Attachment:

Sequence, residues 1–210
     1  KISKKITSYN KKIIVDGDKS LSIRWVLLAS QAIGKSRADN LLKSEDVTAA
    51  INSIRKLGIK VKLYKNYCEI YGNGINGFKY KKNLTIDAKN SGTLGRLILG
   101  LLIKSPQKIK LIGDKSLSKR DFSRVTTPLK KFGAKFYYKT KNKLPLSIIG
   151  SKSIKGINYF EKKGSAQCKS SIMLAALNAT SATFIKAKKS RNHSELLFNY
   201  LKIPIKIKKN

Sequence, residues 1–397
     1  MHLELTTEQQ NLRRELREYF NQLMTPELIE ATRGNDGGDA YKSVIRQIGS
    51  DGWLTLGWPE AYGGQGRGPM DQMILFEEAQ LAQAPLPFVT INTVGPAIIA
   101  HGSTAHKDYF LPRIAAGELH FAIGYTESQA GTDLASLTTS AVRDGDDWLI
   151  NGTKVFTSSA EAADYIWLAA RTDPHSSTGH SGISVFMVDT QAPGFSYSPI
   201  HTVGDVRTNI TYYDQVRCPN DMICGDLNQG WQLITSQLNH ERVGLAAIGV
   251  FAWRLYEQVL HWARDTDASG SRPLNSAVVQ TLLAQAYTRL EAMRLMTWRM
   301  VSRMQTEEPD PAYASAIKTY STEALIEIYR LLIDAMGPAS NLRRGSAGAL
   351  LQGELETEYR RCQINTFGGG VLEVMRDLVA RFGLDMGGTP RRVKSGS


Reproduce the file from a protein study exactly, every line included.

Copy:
Sequence, residues 1–210
     1  KISKKITSYN KKIIVDGDKS LSIRWVLLAS QAIGKSRADN LLKSEDVTAA
    51  INSIRKLGIK VKLYKNYCEI YGNGINGFKY KKNLTIDAKN SGTLGRLILG
   101  LLIKSPQKIK LIGDKSLSKR DFSRVTTPLK KFGAKFYYKT KNKLPLSIIG
   151  SKSIKGINYF EKKGSAQCKS SIMLAALNAT SATFIKAKKS RNHSELLFNY
   201  LKIPIKIKKN

Sequence, residues 1–397
     1  MHLELTTEQQ NLRRELREYF NQLMTPELIE ATRGNDGGDA YKSVIRQIGS
    51  DGWLTLGWPE AYGGQGRGPM DQMILFEEAQ LAQAPLPFVT INTVGPAIIA
   101  HGSTAHKDYF LPRIAAGELH FAIGYTESQA GTDLASLTTS AVRDGDDWLI
   151  NGTKVFTSSA EAADYIWLAA RTDPHSSTGH SGISVFMVDT QAPGFSYSPI
   201  HTVGDVRTNI TYYDQVRCPN DMICGDLNQG WQLITSQLNH ERVGLAAIGV
   251  FAWRLYEQVL HWARDTDASG SRPLNSAVVQ TLLAQAYTRL EAMRLMTWRM
   301  VSRMQTEEPD PAYASAIKTY STEALIEIYR LLIDAMGPAS NLRRGSAGAL
   351  LQGELETEYR RCQINTFGGG VLEVMRDLVA RFGLDMGGTP RRVKSGS